Reaction

Let Me Womansplain Something To You

Is it officially a word because it made it into Merriam-Webster? Your guess is as good as mine. Either way, here’s the definition of mansplain: “(of a man) to explain something to a woman in a condescending way that assumes she has no knowledge about the topic.”

I was going to say that people either love this term (usually because it illustrates a frustrating reality they’ve dealt with their whole life) or hate it (usually because it sounds like whiny name-calling).

Except that’s not true at all, because you are allowed to have a more nuanced attitude toward something than either loving it or hating it. Hooray! Freedom from extremes! Also, you are free to read this post and disagree with me.

I’m sorry for everyone whose experience has been like this.

I’m one of those in-between people.

For starters, I’ve never been in an environment where men repeatedly treated me like I didn’t know or couldn’t contribute anything. Sure, I’ve had conversations where someone underestimated my knowledge, clearly wanted to show off, or made me feel like they were about to pat me on the head. But they were mostly one-off encounters, not repeated interactions with coworkers or relatives. For the most part, I’ve been listened to and treated with respect, but for the ladies out there who haven’t, the term “mansplaining” probably rings true—and gives a feeling of being understood.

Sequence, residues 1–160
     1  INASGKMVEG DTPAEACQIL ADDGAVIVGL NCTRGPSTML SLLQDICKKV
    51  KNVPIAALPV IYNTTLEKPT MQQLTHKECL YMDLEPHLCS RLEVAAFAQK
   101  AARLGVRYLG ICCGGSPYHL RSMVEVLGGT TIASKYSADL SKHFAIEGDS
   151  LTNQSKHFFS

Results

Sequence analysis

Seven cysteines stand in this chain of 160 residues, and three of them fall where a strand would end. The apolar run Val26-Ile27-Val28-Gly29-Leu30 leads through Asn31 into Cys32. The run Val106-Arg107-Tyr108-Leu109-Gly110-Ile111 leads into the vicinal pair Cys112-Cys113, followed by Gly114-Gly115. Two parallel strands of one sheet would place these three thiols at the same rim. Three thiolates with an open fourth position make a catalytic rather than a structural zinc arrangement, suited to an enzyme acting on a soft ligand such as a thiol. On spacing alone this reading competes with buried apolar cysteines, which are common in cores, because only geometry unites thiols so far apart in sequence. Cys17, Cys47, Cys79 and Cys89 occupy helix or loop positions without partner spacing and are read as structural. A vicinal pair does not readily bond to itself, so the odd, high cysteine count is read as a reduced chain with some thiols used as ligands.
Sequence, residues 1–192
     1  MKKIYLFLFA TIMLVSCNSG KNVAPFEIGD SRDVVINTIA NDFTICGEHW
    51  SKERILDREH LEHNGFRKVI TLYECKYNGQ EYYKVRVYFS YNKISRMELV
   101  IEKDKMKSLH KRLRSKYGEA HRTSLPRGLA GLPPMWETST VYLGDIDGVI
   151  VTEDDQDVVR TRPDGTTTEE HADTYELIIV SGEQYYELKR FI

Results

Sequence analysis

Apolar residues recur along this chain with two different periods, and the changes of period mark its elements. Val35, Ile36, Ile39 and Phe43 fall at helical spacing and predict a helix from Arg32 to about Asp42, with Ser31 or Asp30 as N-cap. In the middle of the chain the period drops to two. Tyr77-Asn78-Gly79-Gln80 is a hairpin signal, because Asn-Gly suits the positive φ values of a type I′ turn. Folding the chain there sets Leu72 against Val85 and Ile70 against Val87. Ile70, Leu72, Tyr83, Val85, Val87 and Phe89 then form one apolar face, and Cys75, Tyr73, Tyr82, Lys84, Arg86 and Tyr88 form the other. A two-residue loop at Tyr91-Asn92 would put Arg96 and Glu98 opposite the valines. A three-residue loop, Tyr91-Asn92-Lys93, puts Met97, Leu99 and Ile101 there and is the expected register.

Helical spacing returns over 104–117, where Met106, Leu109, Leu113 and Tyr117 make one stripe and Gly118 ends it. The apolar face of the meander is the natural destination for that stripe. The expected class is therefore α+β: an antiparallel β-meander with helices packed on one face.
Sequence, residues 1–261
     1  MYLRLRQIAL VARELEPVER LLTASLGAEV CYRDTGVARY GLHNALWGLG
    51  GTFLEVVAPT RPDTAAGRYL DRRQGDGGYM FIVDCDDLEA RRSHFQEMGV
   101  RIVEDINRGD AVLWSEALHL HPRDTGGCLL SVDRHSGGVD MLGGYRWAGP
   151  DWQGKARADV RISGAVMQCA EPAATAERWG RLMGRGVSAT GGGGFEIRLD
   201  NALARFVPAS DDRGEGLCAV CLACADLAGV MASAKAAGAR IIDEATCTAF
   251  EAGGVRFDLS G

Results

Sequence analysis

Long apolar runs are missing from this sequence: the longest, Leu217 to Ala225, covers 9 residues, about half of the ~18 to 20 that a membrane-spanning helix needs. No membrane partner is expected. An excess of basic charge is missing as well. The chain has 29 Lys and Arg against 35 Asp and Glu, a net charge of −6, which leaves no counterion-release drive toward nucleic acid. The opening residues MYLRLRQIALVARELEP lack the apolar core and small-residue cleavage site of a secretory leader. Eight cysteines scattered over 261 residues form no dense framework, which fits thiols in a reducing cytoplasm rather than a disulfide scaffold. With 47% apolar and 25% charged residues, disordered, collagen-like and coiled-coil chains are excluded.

I also know that the point of the term is general cultural commentary on a widespread problem: men are often in charge, women often don’t stand up for themselves, and sometimes the person with the biggest ego (and biggest mouth) doesn’t have the greatest knowledge.

I’m just not sure the term itself is as effective as a social critique as it should be. Accusing someone of mansplaining tends to shut down dialogue instead of starting it because:

  1. It’s an unclear term that’s easily misinterpreted. (“Oh, so if a man explains anything to a woman, it’s not okay?” That may not be what you mean, but it sure is what the word sounds like it means, and that matters when communicating.)
  2. It puts the other person on the defensive, which can be a good way to make a dramatic point but a bad way to suggest growth and change in a way that will get results. (Who likes to be name-called into personal improvement? That’s right. NO ONE.)